Developing Species-Age Cohorts from Forest Inventory and Analysis Data to Parameterize a Forest Landscape Model

dc.contributor.authorOdom, Richard H.en
dc.contributor.authorFord, W. Marken
dc.contributor.departmentFish and Wildlife Conservationen
dc.description.abstractSimulating long-term, landscape level changes in forest composition requires estimates of stand age to initialize succession models. Detailed stand ages are rarely available, and even general information on stand history often is lacking. We used data from USDA Forest Service Forest Inventory and Analysis (FIA) database to estimate broad age classes for a forested landscape to simulate changes in landscape composition and structure relative to climate change at Fort Drum, a 43,000 ha U.S. Army installation in northwestern New York. Using simple linear regression, we developed relationships between tree diameter and age for FIA site trees from the host and adjacent ecoregions and applied those relationships to forest stands at Fort Drum. We observed that approximately half of the variation in age was explained by diameter breast height (DBH) across all species studied (r2 = 0.42 for sugar maple Acer saccharum to 0.63 for white ash Fraxinus americana). We then used age-diameter relationships from published research on northern hardwood species to calibrate results from the FIA-based analysis. With predicted stand age, we used tree species life histories and environmental conditions represented by ecological site types to parameterize a stochastic forest landscape model (LANDIS-II) to spatially and temporally model successional changes in forest communities at Fort Drum. Forest stands modeled over 100 years without significant disturbance appeared to reflect expected patterns of increasing dominance by shade-tolerant mesophytic tree species such as sugar maple, red maple (Acer rubrum), and eastern hemlock (Tsuga canadensis) where soil moisture was sufficient. On drier sandy soils, eastern white pine (Pinus strobus), red pine (P. resinosa), northern red oak (Quercus rubra), and white oak (Q. alba) continued to be important components throughout the modeling period with no net loss at the landscape scale. Our results suggest that despite abundant precipitation and relatively low evapotranspiration rates for the region, low soil water holding capacity and fertility may be limiting factors for the spread of mesophytic species on excessively drained soils in the region. Increasing atmospheric temperatures projected for the region could alter moisture regimes for many coarse-textured soils providing a possible mechanism for expansion of xerophytic tree species.en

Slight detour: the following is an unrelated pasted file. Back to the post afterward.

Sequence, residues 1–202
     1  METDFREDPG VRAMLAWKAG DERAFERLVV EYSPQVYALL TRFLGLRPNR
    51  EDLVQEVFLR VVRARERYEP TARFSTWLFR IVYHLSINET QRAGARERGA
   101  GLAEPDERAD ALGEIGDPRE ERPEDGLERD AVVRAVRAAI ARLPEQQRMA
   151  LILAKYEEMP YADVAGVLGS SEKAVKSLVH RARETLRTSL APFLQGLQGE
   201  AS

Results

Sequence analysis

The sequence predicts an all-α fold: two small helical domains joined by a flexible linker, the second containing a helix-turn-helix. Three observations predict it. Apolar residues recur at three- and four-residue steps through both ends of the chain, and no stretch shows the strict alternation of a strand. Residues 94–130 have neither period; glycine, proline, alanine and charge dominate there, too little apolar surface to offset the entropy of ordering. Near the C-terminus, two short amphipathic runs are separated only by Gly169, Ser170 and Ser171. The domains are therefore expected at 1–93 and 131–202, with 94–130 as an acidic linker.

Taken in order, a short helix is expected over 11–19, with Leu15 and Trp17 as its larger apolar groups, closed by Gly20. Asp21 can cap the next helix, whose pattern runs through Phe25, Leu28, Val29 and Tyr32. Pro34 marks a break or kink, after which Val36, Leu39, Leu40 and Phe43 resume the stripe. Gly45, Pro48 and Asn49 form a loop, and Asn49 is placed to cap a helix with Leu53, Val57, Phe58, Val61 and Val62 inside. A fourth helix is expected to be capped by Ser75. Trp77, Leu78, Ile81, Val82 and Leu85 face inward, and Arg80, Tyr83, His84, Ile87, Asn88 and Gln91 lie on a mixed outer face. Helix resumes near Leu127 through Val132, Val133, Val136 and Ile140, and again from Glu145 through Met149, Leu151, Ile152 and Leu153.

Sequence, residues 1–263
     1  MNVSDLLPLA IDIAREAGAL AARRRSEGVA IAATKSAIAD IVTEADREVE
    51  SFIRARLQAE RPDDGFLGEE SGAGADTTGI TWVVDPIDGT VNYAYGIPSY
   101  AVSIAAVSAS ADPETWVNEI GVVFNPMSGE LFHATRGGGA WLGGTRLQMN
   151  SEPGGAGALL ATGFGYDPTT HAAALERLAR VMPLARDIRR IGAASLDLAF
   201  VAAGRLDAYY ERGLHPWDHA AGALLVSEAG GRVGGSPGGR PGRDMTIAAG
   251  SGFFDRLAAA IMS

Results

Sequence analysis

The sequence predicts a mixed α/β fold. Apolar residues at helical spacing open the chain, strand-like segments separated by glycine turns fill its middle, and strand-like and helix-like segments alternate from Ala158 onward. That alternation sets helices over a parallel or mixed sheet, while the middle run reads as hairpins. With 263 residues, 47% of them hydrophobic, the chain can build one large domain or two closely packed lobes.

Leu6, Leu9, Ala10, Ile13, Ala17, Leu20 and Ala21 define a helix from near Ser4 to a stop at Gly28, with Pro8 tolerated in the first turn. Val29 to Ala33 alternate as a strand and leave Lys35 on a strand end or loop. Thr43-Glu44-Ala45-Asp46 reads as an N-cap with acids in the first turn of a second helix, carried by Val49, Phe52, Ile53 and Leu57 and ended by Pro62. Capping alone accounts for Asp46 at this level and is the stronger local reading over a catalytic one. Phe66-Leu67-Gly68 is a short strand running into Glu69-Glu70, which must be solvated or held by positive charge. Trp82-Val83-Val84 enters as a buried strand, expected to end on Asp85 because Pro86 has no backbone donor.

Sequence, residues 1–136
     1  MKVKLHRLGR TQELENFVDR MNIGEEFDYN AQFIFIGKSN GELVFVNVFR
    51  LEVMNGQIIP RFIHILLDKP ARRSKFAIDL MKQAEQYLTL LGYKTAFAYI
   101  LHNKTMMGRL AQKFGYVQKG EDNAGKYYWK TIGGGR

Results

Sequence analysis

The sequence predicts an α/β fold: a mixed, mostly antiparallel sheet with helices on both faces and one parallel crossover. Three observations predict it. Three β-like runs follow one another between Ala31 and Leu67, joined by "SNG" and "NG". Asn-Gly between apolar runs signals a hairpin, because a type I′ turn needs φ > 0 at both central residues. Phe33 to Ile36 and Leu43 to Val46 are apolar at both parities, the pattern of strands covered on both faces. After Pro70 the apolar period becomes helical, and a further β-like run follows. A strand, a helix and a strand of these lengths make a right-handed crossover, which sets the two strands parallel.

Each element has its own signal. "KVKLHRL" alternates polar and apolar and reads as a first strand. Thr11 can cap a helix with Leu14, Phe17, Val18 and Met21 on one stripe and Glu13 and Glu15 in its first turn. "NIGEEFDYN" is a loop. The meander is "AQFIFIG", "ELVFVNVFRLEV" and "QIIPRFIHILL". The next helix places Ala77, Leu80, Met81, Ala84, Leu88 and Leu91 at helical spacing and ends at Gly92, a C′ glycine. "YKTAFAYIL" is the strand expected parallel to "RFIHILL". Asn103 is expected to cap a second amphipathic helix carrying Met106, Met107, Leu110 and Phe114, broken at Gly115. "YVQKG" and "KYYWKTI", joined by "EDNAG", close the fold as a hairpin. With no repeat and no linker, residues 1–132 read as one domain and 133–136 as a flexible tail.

dc.description.versionPublished versionen
dc.identifier.citationRichard H. Odom and W. Mark Ford, “Developing Species-Age Cohorts from Forest Inventory and Analysis Data to Parameterize a Forest Landscape Model,” International Journal of Forestry Research, vol. 2021, Article ID 6650821, 16 pages, 2021. doi:10.1155/2021/6650821en
dc.rightsCreative Commons Attribution 4.0 Internationalen
dc.rights.holderCopyright © 2021 Richard H. Odom and W. Mark Ford. This is an open access article distributed under the Creative Commons Attribution License, which permits unrestricted use, distribution, and reproduction in any medium, provided the original work is properly cited.en
dc.titleDeveloping Species-Age Cohorts from Forest Inventory and Analysis Data to Parameterize a Forest Landscape Modelen
dc.title.serialInternational Journal of Forestry Researchen
dc.typeArticle - Refereeden


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